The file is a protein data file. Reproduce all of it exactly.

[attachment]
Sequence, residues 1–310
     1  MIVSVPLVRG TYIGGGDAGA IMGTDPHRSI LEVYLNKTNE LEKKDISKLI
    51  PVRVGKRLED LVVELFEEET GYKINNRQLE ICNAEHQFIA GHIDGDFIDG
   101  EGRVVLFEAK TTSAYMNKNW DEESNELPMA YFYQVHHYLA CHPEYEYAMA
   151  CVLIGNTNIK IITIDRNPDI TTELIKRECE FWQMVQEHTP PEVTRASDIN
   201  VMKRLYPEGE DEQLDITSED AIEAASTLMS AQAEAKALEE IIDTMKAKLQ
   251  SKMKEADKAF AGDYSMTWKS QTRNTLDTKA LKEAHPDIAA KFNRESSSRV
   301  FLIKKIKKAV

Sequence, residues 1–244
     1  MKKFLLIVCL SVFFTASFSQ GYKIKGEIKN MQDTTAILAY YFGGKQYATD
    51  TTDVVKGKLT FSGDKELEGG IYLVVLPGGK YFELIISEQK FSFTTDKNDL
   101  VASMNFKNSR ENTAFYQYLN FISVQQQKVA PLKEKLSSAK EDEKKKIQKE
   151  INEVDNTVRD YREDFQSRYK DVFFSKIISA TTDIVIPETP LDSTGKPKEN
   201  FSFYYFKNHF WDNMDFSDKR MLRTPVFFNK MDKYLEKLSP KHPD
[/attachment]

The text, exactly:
Sequence, residues 1–310
     1  MIVSVPLVRG TYIGGGDAGA IMGTDPHRSI LEVYLNKTNE LEKKDISKLI
    51  PVRVGKRLED LVVELFEEET GYKINNRQLE ICNAEHQFIA GHIDGDFIDG
   101  EGRVVLFEAK TTSAYMNKNW DEESNELPMA YFYQVHHYLA CHPEYEYAMA
   151  CVLIGNTNIK IITIDRNPDI TTELIKRECE FWQMVQEHTP PEVTRASDIN
   201  VMKRLYPEGE DEQLDITSED AIEAASTLMS AQAEAKALEE IIDTMKAKLQ
   251  SKMKEADKAF AGDYSMTWKS QTRNTLDTKA LKEAHPDIAA KFNRESSSRV
   301  FLIKKIKKAV

Sequence, residues 1–244
     1  MKKFLLIVCL SVFFTASFSQ GYKIKGEIKN MQDTTAILAY YFGGKQYATD
    51  TTDVVKGKLT FSGDKELEGG IYLVVLPGGK YFELIISEQK FSFTTDKNDL
   101  VASMNFKNSR ENTAFYQYLN FISVQQQKVA PLKEKLSSAK EDEKKKIQKE
   151  INEVDNTVRD YREDFQSRYK DVFFSKIISA TTDIVIPETP LDSTGKPKEN
   201  FSFYYFKNHF WDNMDFSDKR MLRTPVFFNK MDKYLEKLSP KHPD